So leave the mic, until you can rock it like this/

    And think you have something positive to possibly give - kids

     

     

     

     

    Chapter XIV. Do You Remember? -Featuring Love Jones

     

    For years Hip Hop has been lost in ‘stagnicity’/

    Cross over pop that lost authenticity/

    Eventually, grade school rap so elementary

    Mirrors our educational institutions identically/

    Eric B & Rakim, now ‘Whistle ta different Melodies'/

    A force now divorced like KRS & MS. Melody/

    Now Clear Channel and Viacom own everything/

    Reality is MTV - check the scheduling/

    We all obsessed with the private lives of celebrities/

    Privatizing everything -bastardizing the 70's/

    Got advertising executives living in luxury/

    Irresponsibly sponsoring causes of death and poverty/

    I know probably people think the majority/

    Of what we choose is freewill but not in no monopoly/

    Those with seniority, can manipulate minorities/

    By views that they choose on the news spewed dishonestly/

    We've lost authority - Hip Hop's now morally-/

    Challenged we trade our talents for small salaries- always/

    Similar businesses, using viewers and listeners

    Systematical slavery, institutional prisoners/

    Confusing us like idiots, most of us act like children/

    Braggin’ bout what we selling' inside of our own buildings and/

    Actin like buildin’ is totally out the question/

    To busy actin like we be grossing millions no question/

    Here's my suggestion, ta some it may sound blasphemous/

    We need more activists, rappers who rap passionate/

    See I ain't bashing another rapper like Fabolous/

    Just simply saying some of us need to spell it more accurate/

    With more confidence, mathematics like calculus/

    More congress law and politics interest in the establishment/

    Reestablishing what we gained from our guardians/

    And passing it on down again reacquainting the audience

     

    -Chorus-

     

    This ain't one of them club jams/

    This is more for the symphony/

    Orchestras in the mezzanine for the musicians having epiphanies/

    This is history, literally in the making/

    Choosing the red or the blue pill, Lyrical up in the Matrix/

    These are true skills, but still routed in basics/

    Charting the constellations, doing the manual calculations/

    Best seller potential on instrumental arrangements/

    But probably never will be until I'm named one of Oprah's favorites/

    Until that day comes its endless preparations/

    Advocating for reparations through community rehabilitation/

    Civic engagement, improving our educational/

    Institutional situation through constitutional compensation/

    Where standing ovations are the show of appreciation

    And the positive affirmation that we have achieved communication/

    Throughout the crowd and perhaps across humanity/

    Substituting humility into our swag instead of just vanity 

  • Click this arrow to the left. "Consider It Art" I recorded this in 2001. I have a cool idea, but I may not act on it...

    1. Click this arrow to the left. "Consider It Art" I recorded this in 2001. I have a cool idea, but I may not act on it...

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    I like this track Consider It Art. I first recorded it with Bob Nash at his original Wonka Sound. Well I laid it down with rough vocals. Then I redid it over at his newer spot, and then I redid the vocals with Nelly Pro at Scratchismz in like 2004 and released it on my 2005 album iNFiNiTI. Caz-1 produced it with me using records I gave him that I got from working as the Urban Music Director at WJUL that I would order double copies of. Actually the scratch from the record comes from TDS Mobb, which I already had. But the point is this....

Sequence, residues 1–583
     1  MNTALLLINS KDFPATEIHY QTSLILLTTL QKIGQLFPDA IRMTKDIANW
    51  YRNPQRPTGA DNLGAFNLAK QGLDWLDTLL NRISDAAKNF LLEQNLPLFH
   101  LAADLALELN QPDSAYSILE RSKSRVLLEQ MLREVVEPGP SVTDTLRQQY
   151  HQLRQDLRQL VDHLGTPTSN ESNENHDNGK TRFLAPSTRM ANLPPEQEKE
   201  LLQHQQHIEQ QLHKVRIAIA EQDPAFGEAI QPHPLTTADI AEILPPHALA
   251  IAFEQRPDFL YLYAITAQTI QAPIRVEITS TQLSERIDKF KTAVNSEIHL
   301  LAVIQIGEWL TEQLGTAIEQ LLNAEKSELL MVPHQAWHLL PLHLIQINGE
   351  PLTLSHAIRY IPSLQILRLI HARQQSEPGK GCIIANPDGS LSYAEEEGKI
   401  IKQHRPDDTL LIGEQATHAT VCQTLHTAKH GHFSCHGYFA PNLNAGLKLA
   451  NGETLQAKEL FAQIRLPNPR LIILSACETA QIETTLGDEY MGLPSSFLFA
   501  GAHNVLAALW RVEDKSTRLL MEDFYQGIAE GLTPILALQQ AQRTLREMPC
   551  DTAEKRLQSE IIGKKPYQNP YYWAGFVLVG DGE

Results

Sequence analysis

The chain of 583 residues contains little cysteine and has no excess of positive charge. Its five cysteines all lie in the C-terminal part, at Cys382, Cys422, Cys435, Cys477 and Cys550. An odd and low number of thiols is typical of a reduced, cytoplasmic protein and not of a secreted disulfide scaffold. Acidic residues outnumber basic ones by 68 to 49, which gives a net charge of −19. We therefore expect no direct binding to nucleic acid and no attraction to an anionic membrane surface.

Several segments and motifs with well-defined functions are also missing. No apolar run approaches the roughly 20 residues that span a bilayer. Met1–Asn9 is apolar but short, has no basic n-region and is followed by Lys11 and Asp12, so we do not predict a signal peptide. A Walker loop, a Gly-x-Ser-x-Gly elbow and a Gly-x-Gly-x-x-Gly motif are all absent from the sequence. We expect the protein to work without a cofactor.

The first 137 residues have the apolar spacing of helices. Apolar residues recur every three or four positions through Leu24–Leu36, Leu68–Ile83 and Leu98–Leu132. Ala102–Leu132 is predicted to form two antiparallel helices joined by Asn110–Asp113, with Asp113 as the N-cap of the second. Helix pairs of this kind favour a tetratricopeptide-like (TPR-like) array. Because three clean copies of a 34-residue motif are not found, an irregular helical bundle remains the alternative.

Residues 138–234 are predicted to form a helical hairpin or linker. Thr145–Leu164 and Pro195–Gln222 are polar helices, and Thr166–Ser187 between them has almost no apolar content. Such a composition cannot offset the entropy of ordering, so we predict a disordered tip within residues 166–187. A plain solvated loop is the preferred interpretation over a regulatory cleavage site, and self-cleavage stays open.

Why not make an album, or a compilation, whatever of old songs with new lyrics?  In other words like an all remix album using original instrumentals with all new lyrics. So I am saying just keep the hooks on some of them the same, and update the lyrics. Normally I try not to make dated references. But now listen to this song and observe the athletes no longer in Boston, the references that are ten years removed at least, and the actors who have died! Crazy to think how much has changed in the world since then, not to mention within my own career. 

    Though I am a big fan of this song of mine, I would totally say something different for the verses now, and feel I have improved quite a bit. Yet this song, flow and style wise for me, is not much different from a couple songs on the latest album I did on the Put Em All To Shame album (even though that album is intentionally based on a true school classic approach to production that was also featured on Consider It Art. Anyway, I think I am going to do this someday, not sure when. But it would be fun to record over my own instrumentals and redo the lyrics to at least a few.

    What should I name this other than a remix to denote exactly what it is?  I was thinking calling it "The Rewrites" or something in that vibe. Perhaps "Lyrical re-writes the past" I don't know, I am open for thoughts though. Peace.

  • What the music, or magazines, are telling us about rap music and how good it is for us.

    RAP MAGAZINE ADVERTISING.

    I think it is just as important to conisder the source, as it is to consider the ads in the source. Now by source this is somewhat double entendre since I am talking about rap magazine advertising. But this sample was of a current competitor's magazine.

    By my quick count of this rap magazine, which I feel no need to even name (I bought it so I must, at least, sort-of like it), seems to be telling us about the intent of the music and its content and demographic.

    Add breakdown what the music is selling, or what is selling the music

    (not couting DVD/CD/Music ads, or other product placement/endorsements)

    18 (Hair, clothes, hats, sneakers)

    8 (alcohol)

    3 Tires/Wheels/Rims

    3 Jail Calls/Inmate Services

    3 Sex/Dating Chat lines

    2 Watches

    1 Speaker system

    1 Tatoo company

    1 HIV Testing

    1 Male enhancement pill

    1 Viagra

    1 High School Diploma (gauranteed in 4 weeks)

    1 Audio College

    1 Prison Official Pen Pal List

    1 Car

    1 Cigarette company

    So take the content with a gram of coke, I mean grain of salt, it probably isn't all that healthy after all.